Coordination, teamwork, and synchronization – being part of a team, something larger than oneself. These seem to be noble endeavors. But what happens when the desire to be a part of this team – especially on a global scale – backfires?

NTT Security presents some examples of this very issue in the July 2018 GTIC Monthly Threat Report – looking deeper into cyber activity surrounding the 2018 FIFA World Cup, collaboration tools being used worldwide which could be leveraged by a malicious – or unintentional – insider, and a vulnerability within Cisco synchronization tools.

Generally speaking, these topics share a similar informality.

The 2018 FIFA World Cup is definitely a party-like atmosphere; millions of people across the globe fervently rooting for their country’s team. These same folks are casually using their devices, perhaps not thinking too much about security. 

Similarly, coworkers using collaboration tools, which are sometimes viewed – and used – as a less formal means of keeping in touch or coordinating on a project, could have a similar mindset; security may not be at the forefront, leading users to accidentally (or carelessly) disclose data or sensitive information they normally wouldn’t in another venue.

For the 2018 FIFA World Cup, the NTT Security Global Threat Intelligence Center (GTIC) gathered and analyzed information concerning actual attacks leading up to, and during, the event. GTIC researchers discovered most attacks with a World Cup theme were phishing emails, attempting to trick users into opening malicious documents, perhaps to glean credentials or for financial gain.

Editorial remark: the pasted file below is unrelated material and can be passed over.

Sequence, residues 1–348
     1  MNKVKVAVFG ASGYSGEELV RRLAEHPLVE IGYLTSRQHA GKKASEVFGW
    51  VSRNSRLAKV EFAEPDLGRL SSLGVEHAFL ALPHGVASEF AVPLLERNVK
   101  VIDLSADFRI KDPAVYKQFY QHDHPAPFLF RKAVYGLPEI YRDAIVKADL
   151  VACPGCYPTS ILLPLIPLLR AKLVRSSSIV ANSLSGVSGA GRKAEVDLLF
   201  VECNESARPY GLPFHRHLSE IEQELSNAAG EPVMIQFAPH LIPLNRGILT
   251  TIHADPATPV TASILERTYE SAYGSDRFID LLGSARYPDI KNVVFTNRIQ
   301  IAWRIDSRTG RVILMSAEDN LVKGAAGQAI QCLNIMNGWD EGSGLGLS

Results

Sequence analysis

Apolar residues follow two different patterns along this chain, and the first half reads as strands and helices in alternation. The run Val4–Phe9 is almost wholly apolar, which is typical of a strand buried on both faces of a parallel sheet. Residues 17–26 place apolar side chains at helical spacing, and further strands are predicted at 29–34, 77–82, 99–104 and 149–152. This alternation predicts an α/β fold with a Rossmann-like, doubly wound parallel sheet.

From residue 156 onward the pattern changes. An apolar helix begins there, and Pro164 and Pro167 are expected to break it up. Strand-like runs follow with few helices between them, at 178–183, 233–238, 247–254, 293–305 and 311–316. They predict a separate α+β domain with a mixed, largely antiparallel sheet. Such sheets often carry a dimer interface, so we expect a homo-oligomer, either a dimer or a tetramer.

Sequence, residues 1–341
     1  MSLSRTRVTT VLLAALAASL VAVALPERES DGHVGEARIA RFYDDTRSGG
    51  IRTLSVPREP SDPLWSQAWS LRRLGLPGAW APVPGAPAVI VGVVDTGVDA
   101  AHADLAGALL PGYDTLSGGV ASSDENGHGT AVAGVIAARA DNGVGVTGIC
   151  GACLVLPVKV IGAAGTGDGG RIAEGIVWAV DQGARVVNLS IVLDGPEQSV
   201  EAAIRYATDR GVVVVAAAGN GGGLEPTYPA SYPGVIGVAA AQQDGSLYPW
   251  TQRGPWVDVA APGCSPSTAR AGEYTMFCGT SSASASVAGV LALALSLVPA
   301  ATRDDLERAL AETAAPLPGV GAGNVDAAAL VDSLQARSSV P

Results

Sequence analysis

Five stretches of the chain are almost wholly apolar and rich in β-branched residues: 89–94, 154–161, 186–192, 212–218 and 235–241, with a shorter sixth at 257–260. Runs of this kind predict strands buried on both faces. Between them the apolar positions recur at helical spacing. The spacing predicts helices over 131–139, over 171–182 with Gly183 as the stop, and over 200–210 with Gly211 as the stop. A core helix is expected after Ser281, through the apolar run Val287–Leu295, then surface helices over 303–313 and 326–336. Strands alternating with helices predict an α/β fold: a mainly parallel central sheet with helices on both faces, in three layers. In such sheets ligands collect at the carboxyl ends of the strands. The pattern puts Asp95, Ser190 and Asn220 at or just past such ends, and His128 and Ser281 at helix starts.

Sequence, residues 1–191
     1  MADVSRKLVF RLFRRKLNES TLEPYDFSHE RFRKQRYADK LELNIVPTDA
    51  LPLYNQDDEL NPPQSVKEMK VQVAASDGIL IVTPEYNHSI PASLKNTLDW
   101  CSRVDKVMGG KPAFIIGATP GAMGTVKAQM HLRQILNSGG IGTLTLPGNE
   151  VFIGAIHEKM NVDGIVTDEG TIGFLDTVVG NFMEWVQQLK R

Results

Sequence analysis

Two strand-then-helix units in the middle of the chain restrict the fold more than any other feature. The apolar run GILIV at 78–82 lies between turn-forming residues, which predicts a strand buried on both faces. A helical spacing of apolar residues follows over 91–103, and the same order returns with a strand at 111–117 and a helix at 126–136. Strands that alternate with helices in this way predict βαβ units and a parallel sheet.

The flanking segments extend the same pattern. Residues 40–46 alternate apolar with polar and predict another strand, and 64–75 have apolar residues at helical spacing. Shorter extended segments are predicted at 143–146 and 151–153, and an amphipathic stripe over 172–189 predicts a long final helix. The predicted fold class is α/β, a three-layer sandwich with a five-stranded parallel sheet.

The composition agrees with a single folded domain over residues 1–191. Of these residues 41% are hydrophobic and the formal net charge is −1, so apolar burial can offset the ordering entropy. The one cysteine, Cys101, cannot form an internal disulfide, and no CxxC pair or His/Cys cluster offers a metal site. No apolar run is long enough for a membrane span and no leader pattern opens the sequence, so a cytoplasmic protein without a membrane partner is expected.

In greater detail, GTIC researcher, Terrance DeJesus, noted that malicious file types were mostly .pdf (Adobe) at 51%, followed by .doc (Microsoft Word documents) at 31%, .xlsx (Microsoft Excel files) at 11%, and .rtf (Rich Text Format) at 4%, with other file types rounding out the remaining 3%.

NTT Security researchers weren’t the only ones who noticed this type of activity against those involved or interested in the World Cup; the broader cybersecurity community observed similar activity, and NTT Security partner, Symantec, discovered a World Cup-themed attack campaign targeting Android users. 

By the same token, collaboration tools like Skype or Slack could be used casually, without security of use being at the forefront. In fact, a recent study of more than one million employee messages revealed that one in every 118 public communications included confidential information, and one in every 262 public messages included passwords. Spread across millions of users, that starts becoming exposure of significant amounts of what should be private, sensitive information pretty quickly.

And, although not typically used casually, Cisco discovered a critical vulnerability in the Fabric Services component of the NXOS and FXOS software, which allows network administrators to distribute and synchronize configuration data of Cisco devices across a network. 

Although patches are available for this threat, it remains to be seen as to whether they will be applied. As always, administrators and users are highly encouraged to apply patches quickly, as attackers will continue to target exploitable entry vectors into a network as long as they can; attackers will take full advantage of those systems which remain unprotected.

Read more about the cyber activity surrounding the FIFA World Cup, the potential exploitation of collaboration tools by insiders, and the Cisco FXOS and NXOS Fabric Services Remote Code Execution Vulnerability in the July version of the team-built (see what I did there?) GTIC Monthly Threat Report.